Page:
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  • Zaytoen Domingo

How did the zebra get its stripes? And other zebra facts and folklore

Updated: Sep 25, 2023

Single-hoofed, black-and-white striped equids known as zebras can be found in the African bushveld. These beasts are closely related to horses and donkeys, but have an interesting story of their own. 

Telling stories to your guests is an important part of your role as a field guide, so it’s a good idea to have some folklore in your repertoire. It’s also important to have some interesting facts up your sleeve.

The most striking feature of the zebra is its dual-toned coat. Find out how the zebra got its stripes, other fun facts about zebras and why these zebra facts are good to know for field guides.

Why do zebras have stripes?

Some say zebras are white with black stripes. Others believe zebras are black with white stripes. 

But did you know that zebras actually have black skin under their fur?

The age-old question, “how did the zebra get its stripes?” is something you might have asked yourself the first time you learnt about these equids. 

This story about zebra stripes comes from the San people from the Namibian Kalahari Desert. 

A long time ago, Africa almost ran out of water because the sun was so hot that it dried up most of its water pools. Animals came from far and wide to drink from the few pools that were left. One day, a baboon sat making a fire next to one of the few remaining water pools that he ruled over and kept to himself. A young zebra and his father came from the grasslands in search of water to drink.

Zebras in Africa drinking from a waterpool.

Original photo: “Zebra drinking” by Hilde Swets is licensed under CC BY 2.0

When the baboon saw them approaching, he jumped up to guard his water pool with all his might and warned the zebras to stay away. The young zebra and the baboon got into a big argument.

With a mighty kick, the young zebra sent the baboon flying into the air. He landed on his bottom, causing a patch of hair to fall out. 

The young zebra, dizzy from the kick, stumbled into the fire next to the water pool. His white fur got scorched and left him with black stripes. 

The zebra’s fur would never be plain white again.

Scientists haven’t been able to determine the real-life origin of zebra stripes, so all we have is  folklore. As a field guide, you will share oral stories like this one with your guests on a safari drive.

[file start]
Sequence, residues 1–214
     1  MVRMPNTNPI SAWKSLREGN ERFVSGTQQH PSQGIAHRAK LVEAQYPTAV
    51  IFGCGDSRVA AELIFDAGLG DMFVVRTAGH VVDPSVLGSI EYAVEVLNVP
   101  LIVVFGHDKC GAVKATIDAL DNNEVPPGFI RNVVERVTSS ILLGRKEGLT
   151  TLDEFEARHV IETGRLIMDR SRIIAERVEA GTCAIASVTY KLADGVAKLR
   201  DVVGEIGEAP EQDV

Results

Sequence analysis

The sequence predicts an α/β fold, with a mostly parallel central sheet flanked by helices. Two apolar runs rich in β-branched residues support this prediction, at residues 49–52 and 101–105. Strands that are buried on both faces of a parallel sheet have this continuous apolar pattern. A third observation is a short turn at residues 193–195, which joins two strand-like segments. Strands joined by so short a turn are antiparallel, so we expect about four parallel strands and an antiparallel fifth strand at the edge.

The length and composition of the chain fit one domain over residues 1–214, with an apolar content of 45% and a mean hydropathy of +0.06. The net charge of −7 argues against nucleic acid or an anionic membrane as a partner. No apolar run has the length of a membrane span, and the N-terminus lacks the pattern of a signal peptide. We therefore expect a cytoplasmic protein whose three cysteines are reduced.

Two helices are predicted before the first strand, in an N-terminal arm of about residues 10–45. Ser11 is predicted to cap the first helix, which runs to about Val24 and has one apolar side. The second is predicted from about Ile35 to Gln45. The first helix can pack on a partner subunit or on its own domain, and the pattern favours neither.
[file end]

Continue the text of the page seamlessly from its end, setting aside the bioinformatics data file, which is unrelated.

If there are kids joining their parents on the safari drive, you can play “Where’s Wally”. Instead of spotting the boy in the striped t-shirt, you can spot the animal with the striped coat.

Let’s find out about some other zebra facts to add to your stories.

What sound does a zebra make?

Original video: “Zebra sounds” by  AlexTriceratops123 is licensed under CC0

It may not come as a surprise that some zebras sound like horses. But it will surprise you that some zebras also sound like dogs, or people laughing, or even pigs.

Sometimes zebras bark, bray, or snort, each with a high-pitched tone. Each sound has a different meaning — like saying hello or “get out of my personal space!”

You can say hello to zebras every day as a field guide on a nature reserve.

What do zebras eat?

Zebras are herbivores and mainly eat grass. They also eat small bushes, twigs and leaves from trees that they can reach. 

You probably wondered how many nutrients are in these simple plants? Almost none.

Did you know that zebras have strong digestive systems, which helps them to live on diets with minimal nutrients?

Where do zebras live?

A zebra in fading afternoon light wit an oxpecker on its back.

Zebras are native to Africa. The zebra habitat is grasslands, some in the east and south parts of Africa. 

A zebra species called the Grevy’s, can be found in Ethiopia and north of Kenya. Others are found on mountains, like in South Africa, Namibia, and Angola.

Zebras can also be spotted in nature reserves where the species are conserved and protected. 

Do you love wildlife like zebras and want to make an impact on wildlife conservation

You can work with zebras and other wild animals. Join a field guiding course today.

BY: Zaytoen Domingo


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